Pregnant Mother Cited After Toddler Urinates in Public

NTD Newsroom
By NTD Newsroom
April 6, 2019US News
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Pregnant Mother Cited After Toddler Urinates in Public
A toddler boy gazes out of a window. (Monika Rams/Unsplash)

AUGUSTA, Ga.—A pregnant mother is facing disorderly conduct charges in Georgia for allowing her 3-year-old son to relieve himself in public.

Brooke Johns’s toddler son alerted his mother he needed to use the restroom Wednesday, April 3. The two barely made it to a gas station before she realized he wasn’t going to make it inside.

“He’s like, ‘Mom, I’ve got to pee. I’ve got to pee!’ I was like, ‘Well, hold on,’ and he’s like, ‘No! I’ve GOT to pee! I’ve got to REALLY pee.’ And I’m like, ‘Baby, there’s nowhere for me to go, and he says, ‘Momma, I’m about to pee in my pants!” she said.

Johns, who was told by her doctor not to pick her 3-year-old up because she’s eight months pregnant, added that they couldn’t make it inside a gas station after pulling over in the parking lot.

“I can’t pick him up,” Brooke told the news outlet. “You know, I’m not supposed to lift him.”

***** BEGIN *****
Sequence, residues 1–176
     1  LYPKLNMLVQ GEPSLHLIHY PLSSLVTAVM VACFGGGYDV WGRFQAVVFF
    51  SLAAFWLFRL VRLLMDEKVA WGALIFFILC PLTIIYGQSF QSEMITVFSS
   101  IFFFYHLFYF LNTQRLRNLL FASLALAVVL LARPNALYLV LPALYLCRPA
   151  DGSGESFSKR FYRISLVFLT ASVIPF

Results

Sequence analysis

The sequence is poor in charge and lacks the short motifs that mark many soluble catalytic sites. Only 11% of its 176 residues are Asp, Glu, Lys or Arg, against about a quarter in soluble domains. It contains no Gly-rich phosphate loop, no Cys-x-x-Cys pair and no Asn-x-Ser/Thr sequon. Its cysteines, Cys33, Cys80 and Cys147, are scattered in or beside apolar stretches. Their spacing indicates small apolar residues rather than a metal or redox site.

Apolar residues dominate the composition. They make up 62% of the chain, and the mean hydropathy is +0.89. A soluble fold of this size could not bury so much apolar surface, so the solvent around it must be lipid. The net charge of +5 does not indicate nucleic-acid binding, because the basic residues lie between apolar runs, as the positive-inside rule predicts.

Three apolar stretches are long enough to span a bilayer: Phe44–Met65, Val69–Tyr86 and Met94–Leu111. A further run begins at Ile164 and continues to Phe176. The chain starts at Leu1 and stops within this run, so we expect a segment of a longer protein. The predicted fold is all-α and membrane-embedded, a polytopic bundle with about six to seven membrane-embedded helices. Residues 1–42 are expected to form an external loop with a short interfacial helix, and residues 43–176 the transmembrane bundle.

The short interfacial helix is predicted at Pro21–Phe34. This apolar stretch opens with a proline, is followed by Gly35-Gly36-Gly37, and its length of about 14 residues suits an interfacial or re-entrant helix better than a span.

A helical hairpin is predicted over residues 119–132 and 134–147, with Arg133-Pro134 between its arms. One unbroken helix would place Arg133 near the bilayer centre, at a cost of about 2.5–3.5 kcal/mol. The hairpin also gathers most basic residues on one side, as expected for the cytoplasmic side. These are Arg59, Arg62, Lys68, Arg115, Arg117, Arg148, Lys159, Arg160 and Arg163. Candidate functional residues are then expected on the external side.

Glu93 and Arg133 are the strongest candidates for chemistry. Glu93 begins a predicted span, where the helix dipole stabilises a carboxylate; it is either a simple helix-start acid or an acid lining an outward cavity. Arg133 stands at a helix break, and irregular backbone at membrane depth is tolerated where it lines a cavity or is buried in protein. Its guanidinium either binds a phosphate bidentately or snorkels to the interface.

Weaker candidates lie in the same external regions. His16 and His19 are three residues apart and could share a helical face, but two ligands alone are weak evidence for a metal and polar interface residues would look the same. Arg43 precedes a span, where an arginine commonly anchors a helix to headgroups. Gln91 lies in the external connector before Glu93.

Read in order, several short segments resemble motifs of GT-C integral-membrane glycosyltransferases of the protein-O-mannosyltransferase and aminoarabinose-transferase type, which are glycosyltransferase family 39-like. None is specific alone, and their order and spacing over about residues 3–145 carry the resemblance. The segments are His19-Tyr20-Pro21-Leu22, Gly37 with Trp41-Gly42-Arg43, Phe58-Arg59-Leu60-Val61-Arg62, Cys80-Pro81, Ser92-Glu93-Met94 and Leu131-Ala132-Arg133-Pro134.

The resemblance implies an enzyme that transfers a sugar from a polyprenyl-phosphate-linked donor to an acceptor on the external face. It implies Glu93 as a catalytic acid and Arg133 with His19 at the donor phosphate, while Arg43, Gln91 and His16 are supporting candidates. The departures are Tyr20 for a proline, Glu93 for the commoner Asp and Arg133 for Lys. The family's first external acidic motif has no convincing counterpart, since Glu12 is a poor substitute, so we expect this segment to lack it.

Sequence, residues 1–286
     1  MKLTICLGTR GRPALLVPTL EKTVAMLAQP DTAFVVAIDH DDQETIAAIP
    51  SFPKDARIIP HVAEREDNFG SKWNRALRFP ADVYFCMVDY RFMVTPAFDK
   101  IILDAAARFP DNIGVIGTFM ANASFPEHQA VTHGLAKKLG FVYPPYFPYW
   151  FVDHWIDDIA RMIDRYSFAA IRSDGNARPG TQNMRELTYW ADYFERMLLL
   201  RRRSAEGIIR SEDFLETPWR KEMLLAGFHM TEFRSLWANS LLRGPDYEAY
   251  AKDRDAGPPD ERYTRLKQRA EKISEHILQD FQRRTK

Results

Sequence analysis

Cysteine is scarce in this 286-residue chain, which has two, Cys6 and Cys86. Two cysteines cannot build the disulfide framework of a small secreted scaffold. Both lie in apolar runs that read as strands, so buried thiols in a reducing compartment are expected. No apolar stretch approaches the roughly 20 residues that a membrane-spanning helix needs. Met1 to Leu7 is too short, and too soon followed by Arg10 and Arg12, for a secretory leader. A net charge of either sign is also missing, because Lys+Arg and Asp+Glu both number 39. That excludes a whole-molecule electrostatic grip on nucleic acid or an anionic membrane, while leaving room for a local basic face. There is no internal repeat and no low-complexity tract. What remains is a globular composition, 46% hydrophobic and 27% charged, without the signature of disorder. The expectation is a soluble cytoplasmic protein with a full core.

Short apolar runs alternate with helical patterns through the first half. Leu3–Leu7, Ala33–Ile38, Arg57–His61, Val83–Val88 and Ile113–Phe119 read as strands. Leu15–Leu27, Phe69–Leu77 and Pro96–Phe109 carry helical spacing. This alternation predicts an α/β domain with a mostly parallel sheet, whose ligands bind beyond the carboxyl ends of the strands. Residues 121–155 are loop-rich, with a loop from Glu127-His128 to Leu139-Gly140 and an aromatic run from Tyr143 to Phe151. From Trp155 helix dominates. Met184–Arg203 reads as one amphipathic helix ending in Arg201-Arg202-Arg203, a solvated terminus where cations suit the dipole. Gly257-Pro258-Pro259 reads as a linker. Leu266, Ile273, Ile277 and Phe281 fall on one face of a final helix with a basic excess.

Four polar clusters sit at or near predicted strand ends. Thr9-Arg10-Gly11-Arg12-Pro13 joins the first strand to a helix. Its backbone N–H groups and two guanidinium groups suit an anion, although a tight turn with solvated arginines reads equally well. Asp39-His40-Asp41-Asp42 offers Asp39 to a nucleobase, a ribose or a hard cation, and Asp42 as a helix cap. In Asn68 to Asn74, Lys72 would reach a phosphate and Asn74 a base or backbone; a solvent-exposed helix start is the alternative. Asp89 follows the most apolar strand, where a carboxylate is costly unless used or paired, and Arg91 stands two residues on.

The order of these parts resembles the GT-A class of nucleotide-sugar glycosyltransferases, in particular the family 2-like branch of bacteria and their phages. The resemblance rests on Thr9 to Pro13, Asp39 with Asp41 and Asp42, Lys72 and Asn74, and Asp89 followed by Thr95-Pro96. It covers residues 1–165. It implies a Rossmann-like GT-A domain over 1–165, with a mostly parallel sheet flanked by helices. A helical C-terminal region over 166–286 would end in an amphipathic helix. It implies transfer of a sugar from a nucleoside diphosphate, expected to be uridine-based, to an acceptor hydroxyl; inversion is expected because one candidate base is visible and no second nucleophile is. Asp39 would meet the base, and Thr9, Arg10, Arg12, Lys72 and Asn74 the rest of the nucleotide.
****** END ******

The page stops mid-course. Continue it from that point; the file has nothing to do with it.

Brooke was unable to carry the boy due to being just weeks from giving birth. She said she did what she thought was the next best thing, covering him as he urinated in the parking lot.

WRDW-TV reported that a Richmond County deputy saw what happened and cited Johns. The citation sparked a lot of backlash on social media from parents.

The Beech Island, South Carolina woman has an April 30 court date, days before she is due.

According to Yahoo News, she posted a photo on Facebook, saying she was covering him up when he went to the bathroom.

Johns said that she didn’t post the picture on Facebook to criticize the police.

“The point of this isn’t to bash the cops it is to make a stand for what I did and why and yes I got rude but I didn’t get rude until after I was accused numerous times of showing my son’s [genitalia] which was impossible. The only thing that was visible are his legs and his pee hitting the ground,” she said.

A person who said they worked as a police officer thought the charge was excessive.

“I’m a cop. There is letter of the law and spirit of the law. I pulled a woman over with a $5,000 warrant. She had her two kids In the car. Low-income neighborhood. I told her about the warrant and let her go,” he said. “The kids would have to go to some sort of foster home, even if it’s for the night until we get in touch with family and do that process. She would go to jail and also have to pay for the car being towed and everything. Sometimes you have to make the humane call.”

Epoch Times reporter Jack Phillips and The Associated Press contributed to this report.

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